Staunton, August 22 – Russians are less inclined to believe that Moscow’s recognition of the independence of Abkhazia and South Ossetia was useful to Russia and to think that the annexation by their country of these two breakaway republics would be a good idea, yet another echo of Vladimir Putin’s illegal annexation of Ukraine’s Crimea.
According to a new Levada Center poll, slight majorities of Russians (52 and 51 percent respectively) believe that Abkhazia and South Ossetia should be independent states, but far fewer than in August 2008 believe that Moscow’s recognition of the two as independent states was useful to Russia.
The poll found that only 25 percent of Russians believe that their country should annex Abkhazia, down from 41 percent in 2006, and that only 24 percent believe it should absorb South Ossetia, down from 36 percent eight years ago. The share of Russians who believe the two should be part of Georgia has remained relatively low and constant over that period.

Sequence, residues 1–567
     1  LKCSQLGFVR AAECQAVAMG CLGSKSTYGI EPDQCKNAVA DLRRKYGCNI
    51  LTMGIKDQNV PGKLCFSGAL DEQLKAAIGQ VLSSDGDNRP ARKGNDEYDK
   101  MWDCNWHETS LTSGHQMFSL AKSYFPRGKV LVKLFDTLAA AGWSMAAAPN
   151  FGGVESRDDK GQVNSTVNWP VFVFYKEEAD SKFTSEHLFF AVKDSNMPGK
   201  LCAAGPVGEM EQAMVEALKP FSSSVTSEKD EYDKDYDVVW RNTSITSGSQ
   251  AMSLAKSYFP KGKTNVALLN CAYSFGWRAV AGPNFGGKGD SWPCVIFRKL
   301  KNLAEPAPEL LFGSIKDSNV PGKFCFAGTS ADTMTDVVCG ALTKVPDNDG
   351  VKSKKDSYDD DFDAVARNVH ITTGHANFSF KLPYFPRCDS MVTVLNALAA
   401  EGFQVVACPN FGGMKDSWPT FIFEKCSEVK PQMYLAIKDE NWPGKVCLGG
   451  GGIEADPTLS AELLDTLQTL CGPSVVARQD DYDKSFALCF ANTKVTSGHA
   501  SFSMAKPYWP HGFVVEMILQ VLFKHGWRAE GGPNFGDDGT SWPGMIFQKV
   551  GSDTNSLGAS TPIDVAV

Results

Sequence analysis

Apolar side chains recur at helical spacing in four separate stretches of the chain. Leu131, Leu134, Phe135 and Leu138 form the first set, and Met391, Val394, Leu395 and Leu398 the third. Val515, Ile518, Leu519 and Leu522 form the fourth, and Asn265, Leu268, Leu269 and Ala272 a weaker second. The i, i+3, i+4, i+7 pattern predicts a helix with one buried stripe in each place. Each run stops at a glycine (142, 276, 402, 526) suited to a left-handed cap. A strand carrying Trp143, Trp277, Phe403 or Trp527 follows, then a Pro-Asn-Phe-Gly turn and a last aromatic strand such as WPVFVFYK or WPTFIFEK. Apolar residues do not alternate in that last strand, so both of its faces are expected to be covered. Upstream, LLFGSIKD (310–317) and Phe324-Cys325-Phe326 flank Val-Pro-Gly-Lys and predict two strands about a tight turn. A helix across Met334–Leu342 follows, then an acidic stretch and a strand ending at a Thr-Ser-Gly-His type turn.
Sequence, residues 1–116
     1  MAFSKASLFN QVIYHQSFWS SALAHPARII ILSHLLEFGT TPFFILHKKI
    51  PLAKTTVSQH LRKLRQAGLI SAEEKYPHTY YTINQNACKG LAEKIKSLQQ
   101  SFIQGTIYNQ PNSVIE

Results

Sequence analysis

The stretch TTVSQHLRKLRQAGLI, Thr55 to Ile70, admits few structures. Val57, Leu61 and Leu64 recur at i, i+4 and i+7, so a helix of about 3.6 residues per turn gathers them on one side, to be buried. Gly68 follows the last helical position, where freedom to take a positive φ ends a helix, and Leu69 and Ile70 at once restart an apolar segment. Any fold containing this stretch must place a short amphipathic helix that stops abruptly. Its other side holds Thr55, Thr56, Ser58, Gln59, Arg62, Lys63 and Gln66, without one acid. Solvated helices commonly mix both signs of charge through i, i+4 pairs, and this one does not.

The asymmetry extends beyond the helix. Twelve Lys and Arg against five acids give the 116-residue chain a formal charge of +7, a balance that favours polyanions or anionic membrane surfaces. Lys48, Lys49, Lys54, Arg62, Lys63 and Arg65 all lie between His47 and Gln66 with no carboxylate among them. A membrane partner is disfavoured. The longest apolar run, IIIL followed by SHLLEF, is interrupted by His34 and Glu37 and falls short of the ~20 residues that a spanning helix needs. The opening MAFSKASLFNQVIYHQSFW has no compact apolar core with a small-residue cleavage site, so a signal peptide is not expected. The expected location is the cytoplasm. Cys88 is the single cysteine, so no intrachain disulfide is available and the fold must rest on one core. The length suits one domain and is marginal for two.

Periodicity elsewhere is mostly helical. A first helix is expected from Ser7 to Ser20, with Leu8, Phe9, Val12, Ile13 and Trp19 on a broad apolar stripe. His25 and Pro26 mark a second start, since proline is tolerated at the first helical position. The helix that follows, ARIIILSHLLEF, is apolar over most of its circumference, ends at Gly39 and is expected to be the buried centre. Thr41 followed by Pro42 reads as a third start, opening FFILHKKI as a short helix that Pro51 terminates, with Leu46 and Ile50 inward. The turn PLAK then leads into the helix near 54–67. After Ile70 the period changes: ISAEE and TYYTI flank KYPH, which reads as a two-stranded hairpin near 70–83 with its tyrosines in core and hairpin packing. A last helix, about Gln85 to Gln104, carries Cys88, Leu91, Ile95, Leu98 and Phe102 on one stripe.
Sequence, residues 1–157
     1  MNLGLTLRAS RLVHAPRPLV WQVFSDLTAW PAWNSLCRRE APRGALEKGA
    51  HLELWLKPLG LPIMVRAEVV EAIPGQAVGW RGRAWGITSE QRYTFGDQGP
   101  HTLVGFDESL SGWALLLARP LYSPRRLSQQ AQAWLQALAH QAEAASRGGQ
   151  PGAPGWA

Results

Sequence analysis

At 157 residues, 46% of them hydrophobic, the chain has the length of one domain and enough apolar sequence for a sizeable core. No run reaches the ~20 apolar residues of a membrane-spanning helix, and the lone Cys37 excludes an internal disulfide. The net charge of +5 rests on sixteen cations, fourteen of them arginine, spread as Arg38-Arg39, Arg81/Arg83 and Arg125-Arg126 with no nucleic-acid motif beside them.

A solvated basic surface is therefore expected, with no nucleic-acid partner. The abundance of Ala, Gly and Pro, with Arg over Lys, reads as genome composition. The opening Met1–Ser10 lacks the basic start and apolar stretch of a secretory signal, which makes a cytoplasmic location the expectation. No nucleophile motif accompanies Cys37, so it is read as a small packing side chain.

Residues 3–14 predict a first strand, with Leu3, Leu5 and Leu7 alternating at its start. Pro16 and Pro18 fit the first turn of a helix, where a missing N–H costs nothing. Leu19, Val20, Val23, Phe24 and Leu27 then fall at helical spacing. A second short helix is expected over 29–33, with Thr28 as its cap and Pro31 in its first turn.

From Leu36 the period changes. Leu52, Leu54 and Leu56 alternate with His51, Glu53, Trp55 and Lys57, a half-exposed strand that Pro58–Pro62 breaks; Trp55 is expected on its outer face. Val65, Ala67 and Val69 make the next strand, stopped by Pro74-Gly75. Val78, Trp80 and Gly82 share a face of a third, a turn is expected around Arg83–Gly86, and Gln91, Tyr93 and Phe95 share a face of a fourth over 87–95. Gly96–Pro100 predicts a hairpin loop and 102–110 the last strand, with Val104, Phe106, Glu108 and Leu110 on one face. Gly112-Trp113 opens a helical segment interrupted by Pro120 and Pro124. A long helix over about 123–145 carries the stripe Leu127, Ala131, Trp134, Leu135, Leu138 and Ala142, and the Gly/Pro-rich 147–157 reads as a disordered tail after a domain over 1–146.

This pattern almost certainly reflects the concerns of Russians about the costs both direct and indirect Putin has incurred by annexing Crimea and likely means that there is far less support for absorbing parts of the former Soviet republics neighboring Russia than there may be for federalization or partition them.
That in turn means that any Putin project for the restoration of a larger empire within the borders of a single state is likely to be far less welcome in Russia itself than many in the Kremlin and its partisans elsewhere think. A remarkable development, given the massive propaganda campaign the Russian president has unleashed on behalf of that idea.